Creep Feeding - Does it Pay?

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 With a drier than normal fall and winter, it is taking longer for pastures to green up and have sufficient growth to support grazing this spring. To compound this problem, many pastures were overgrazed last fall, and will not produce as much forage compared to a year with normal weather conditions. This summer’s weather is predicted to be hot and dry. Not encouraging for good grass growth.
When the cows and calves are on pasture, how can you optimize forage use this summer? There are management strategies available to increase calf gains without sacrificing cow condition. Creep feeding calves is an option that deserves consideration.

Creep rations need to contain sufficient protein to support growth of the calf. A 400 pound calf requires 16 percent protein to develop the frame and muscle growth. Feeding straight oats or barley will supply additional energy but not enough protein. The calves will be short in stature, over fat and discounted at the auction market.

In a ‘normal year’ when calves are on creep feed, they tend to substitute creep feed for forage in their diet. If a calf consumes 90 kg (200 lb) of creep feeding throughout the summer, approximately 68 kg (150 lb) of forage dry matter is not consumed. This saving would represent an additional animal unit month of pasture for every four calves being creep fed. Under good pasture conditions, the average increase in weaning weight is 18 kg (40 lb) with a range from10 to 40 kg (25 to 100 pounds). For a normal year, for every 4 pounds of creep feed consumed, a calf should gain one pound of additional weight

In ‘dry years’ when forage is limited and cows are not producing sufficient milk, calves may consume 435 kg (960 pounds) of creep feed over four months. Weight gains could be improved by 45 kg (100 pounds) or more.

Is creep feeding cost effective? The partial budget below includes the costs and benefits from creep feeding calves for a 100 cow herd. Use these figures as a guideline.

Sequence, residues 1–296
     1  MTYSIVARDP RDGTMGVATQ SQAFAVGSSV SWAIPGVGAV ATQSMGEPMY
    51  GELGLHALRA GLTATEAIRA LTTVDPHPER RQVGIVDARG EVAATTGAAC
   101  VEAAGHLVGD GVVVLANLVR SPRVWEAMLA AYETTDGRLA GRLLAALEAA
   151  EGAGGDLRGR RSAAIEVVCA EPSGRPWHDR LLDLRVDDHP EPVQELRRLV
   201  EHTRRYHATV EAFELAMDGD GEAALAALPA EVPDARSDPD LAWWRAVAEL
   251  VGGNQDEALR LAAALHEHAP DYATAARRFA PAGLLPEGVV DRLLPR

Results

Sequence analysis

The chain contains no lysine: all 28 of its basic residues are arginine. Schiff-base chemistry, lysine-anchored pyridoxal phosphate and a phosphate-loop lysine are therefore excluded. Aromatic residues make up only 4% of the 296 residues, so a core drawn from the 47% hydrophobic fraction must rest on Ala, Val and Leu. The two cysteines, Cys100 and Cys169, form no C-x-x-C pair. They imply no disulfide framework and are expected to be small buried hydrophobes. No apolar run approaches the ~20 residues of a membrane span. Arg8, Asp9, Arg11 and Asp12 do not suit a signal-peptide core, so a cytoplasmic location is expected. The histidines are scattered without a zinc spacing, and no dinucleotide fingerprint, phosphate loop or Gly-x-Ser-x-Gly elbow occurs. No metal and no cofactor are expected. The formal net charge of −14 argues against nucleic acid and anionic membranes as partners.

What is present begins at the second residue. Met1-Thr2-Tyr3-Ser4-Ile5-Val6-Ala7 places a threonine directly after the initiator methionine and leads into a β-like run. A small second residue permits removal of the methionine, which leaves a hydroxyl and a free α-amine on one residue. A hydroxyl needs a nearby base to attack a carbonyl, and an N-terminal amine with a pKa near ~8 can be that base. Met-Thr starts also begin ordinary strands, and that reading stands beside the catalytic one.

Added costs
Notes and calculations
Added Costs($)
Your numbers
Grain and supplement
43 tonnes for 120 days
16% protein
Commercial* $ 15,050
Home* $ 9,129
Feed to feeder
$ 1,000
Creep feeder **
175 bushels (on wheels)
$ 675
$ 16,725 / $ 10,804
* Commercial: $350 / T
Home: 35 % barley @ $ 225 / T, 35 % oats @ $185 / T, 30 % peas @ $260 / T ($230/T total)
** 10 year amortized cost

Added Revenue
or Reduced costs
Notes and Calculations
Added revenues (+) or reduced costs (-) ($)
Your numbers
Increased weight gain
40 or 100lbs.@ $ 1.85 / lb
+ $ 7,400 to +$ 18,500
Cows on pasture
More AUM per acre
- $ 3000 *
Reduced winter feed cost
1400 lbs of hay / cow for 1 BCS **
- $ 7000
$ 17,400 to $ 28,500
Net Benefit
Sample calculation
$ 675 / $ 17,696
* $30 per month as the value of a grazing AUM

** A cow in Body Condition Score (BSC) 3 going into winter requires 1400 lbs less hay compared to a thinner cow in BSC 2. Cost of hay: $0.05 per pound.

Creep feeding calves has an associated benefit of reducing weaning stress and the occurrence of the common diseases associated with weaning. Calves tend to find the feed bunk quicker, and start eating sooner than calves that have not been exposed to creep feed. It is very difficult to put a value on these benefits.

Thin cows tend to take longer to start cycling after calving. They also are not able to produce as much milk as a cow in good condition. The quantity and quality of colostrum is reduced when a cow is thin. All these factors impact long term productivity of the herd.

For more information on creep feeding, Alberta Agriculture and Forestry has a factsheet entitled ‘Creep Feeding Calves’ available on Ropin’ the Web that discusses creep feeding in more detail. Another document that can be referred to is ‘Creep Feeding – Frequently asked Questions’. There is also a Creep Feeding Calculator available on RTW. To discuss creep feeding with a beef specialist, contact the Ag-Info Centre at 310-3276.

By Barry Yaremcio – Beef and Forage Specialist
Alberta Agriculture and Rural Development
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For more information about the content of this document, contact Barry Yaremcio.
This document is maintained by Mary Ann Nelson.
This information published to the web on April 28, 2010.
Last Reviewed/Revised on April 17, 2018.